It's quite a contrast to our Atlantic crossing where we had to contend with rain squalls, gales and then flat calms but, with just two of us aboard now rather than the ARC crew of four, we're not complaining. We've now settled into our watch pattern so yesterday Dianne stood the 08.00 to 14.00 watch, Graham did the 14.00 to 20.00 then Di had 2 night watches (20.00 to midnight and 04.00 to 08.00); the pattern automatically reverses so the next night Graham gets the two night stints. The watches tend to leave you feeling a bit jaded (4 hours sleep, if you can manage to nod off, is enough time to get into a really deep slumber so it's not great being awoken from it) but we can just about keep awake during the night watches (Graham resorts to podcasts on the iPod if it's a struggle to stay alert).
 
The favourable current which was pushing us along at nearly 2 knots yesterday seems to have left us now but we're still making around 6.5 knots towards Bonaire, via a waypoint which keeps us clear of Venezuelan waters. Overall, helped by the tide, we are several hours ahead of schedule so at the moment it looks as though we'll arrive in the very early hours of Monday morning. Our plan was to come into the port of Kralendijk in daylight so we may have to stooge around a bit. The normal course of events would be to anchor in the shelter of the island, well away from other boats and obstructions, to await daylight but the whole coast of the island is a designated Marine Part so anchoring is strictly forbidden to avoid damaging the coral and other aquatic life; we'll play it by ear when we get there.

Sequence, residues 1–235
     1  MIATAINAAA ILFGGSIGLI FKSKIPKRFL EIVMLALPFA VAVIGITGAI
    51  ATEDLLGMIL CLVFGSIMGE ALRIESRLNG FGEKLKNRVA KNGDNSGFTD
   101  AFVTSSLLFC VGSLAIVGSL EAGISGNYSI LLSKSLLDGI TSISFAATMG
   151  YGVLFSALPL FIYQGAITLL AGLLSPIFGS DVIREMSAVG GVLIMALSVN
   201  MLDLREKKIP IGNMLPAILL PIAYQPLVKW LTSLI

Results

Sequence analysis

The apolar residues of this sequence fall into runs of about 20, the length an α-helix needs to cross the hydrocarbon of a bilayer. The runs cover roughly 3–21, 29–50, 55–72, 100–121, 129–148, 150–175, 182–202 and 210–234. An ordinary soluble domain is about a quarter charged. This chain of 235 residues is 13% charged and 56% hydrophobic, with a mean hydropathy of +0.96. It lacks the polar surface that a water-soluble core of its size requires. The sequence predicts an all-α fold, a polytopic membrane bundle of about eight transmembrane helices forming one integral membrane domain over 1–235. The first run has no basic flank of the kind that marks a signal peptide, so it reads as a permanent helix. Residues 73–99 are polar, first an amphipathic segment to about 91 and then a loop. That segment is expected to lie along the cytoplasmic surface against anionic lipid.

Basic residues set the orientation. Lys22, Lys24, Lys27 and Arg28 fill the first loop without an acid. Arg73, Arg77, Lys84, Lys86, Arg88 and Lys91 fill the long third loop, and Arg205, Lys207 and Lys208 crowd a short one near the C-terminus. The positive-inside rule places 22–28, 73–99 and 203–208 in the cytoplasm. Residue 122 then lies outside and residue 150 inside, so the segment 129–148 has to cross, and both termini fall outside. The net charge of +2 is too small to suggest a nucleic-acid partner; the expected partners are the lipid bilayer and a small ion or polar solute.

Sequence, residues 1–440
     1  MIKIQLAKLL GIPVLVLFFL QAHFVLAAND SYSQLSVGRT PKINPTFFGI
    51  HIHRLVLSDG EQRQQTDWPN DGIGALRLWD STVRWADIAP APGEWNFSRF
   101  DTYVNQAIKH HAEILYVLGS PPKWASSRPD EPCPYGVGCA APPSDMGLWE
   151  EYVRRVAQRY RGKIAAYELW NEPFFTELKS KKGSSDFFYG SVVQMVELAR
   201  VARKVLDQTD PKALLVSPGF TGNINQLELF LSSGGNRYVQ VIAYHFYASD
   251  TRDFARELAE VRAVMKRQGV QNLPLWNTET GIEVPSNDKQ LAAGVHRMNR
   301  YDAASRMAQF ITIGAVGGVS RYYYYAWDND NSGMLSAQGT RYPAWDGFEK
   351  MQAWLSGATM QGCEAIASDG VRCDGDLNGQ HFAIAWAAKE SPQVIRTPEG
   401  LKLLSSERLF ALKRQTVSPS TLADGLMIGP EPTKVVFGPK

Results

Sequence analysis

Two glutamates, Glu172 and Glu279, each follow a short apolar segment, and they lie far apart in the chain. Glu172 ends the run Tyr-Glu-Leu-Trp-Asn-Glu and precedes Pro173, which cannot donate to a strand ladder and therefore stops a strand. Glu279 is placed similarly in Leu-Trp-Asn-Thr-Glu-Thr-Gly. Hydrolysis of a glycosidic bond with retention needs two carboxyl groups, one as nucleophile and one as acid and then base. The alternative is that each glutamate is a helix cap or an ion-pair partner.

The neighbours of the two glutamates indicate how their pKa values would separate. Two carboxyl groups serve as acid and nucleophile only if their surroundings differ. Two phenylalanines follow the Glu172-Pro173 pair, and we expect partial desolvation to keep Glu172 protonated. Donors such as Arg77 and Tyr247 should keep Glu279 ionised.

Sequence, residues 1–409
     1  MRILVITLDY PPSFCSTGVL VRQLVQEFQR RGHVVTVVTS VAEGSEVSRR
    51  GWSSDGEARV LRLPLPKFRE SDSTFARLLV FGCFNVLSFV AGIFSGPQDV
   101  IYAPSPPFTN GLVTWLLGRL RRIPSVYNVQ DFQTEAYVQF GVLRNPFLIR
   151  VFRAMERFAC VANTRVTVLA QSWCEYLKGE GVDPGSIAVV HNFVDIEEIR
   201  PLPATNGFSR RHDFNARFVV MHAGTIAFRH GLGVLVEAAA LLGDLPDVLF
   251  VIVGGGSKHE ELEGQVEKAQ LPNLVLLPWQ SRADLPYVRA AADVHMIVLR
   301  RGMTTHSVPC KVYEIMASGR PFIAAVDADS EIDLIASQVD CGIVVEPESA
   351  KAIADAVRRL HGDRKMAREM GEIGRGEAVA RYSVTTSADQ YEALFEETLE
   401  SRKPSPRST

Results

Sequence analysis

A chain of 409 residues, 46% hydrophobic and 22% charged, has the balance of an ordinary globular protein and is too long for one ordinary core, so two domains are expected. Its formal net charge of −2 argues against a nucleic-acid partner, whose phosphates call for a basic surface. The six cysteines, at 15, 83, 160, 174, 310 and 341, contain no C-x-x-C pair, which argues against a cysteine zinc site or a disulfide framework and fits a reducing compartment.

Missed the rugby yesterday so please let us know the result of the England – Wales match! BBC World Service didn't mention it when we last checked! Happy St Patrick's Day to our Irish readers. If the wind was less we'd be flying our 'Irish Flag' – Maunie was originally an Irish boat (Maunie of Baltimore) so her cruising spinnaker is in the green, white and orange of the national colours!

Saturday, 16 March 2013

Skirting the Venezuelan coast and thinking about food without traces of horse

We are now 18 hours into our three-day crossing from Grenada to Bonaire and we've set a course to keep us at least 30 miles north of the outlying Venezuelan islands en route. They had a bit of a reputation for piracy in recent years and, with the recent death of Chavez, we're not sure what the current political climate is like so we are taking no chances.
 
So far the voyage has been pretty good, once we got away from the wind-shadow cast by the hills of Grenada; we had fluky winds and confused, rolly waves for about the first 20 miles. As ever, it takes a while to acclimatise to life aboard a rolling boat, with all the sounds of the waves and the water rushing past the hull, so we didn't sleep that well in our four-hour off-watches. 'Stormvogel' has been within a mile of us all night so it's been reassuring to see their masthead navigation light twinkling in an otherwise fairly empty bit of ocean (just one huge oil tanker, 1400ft long, passed us); it's odd to think that we first sailed together across the English Channel back in September and what started as the 'Biscay Alliance' has turned into a very firm friendship.  Anyway, as the night progressed, the boat steadied down and we are making good speed, with our Windpilot windvane taking care of the steering duties.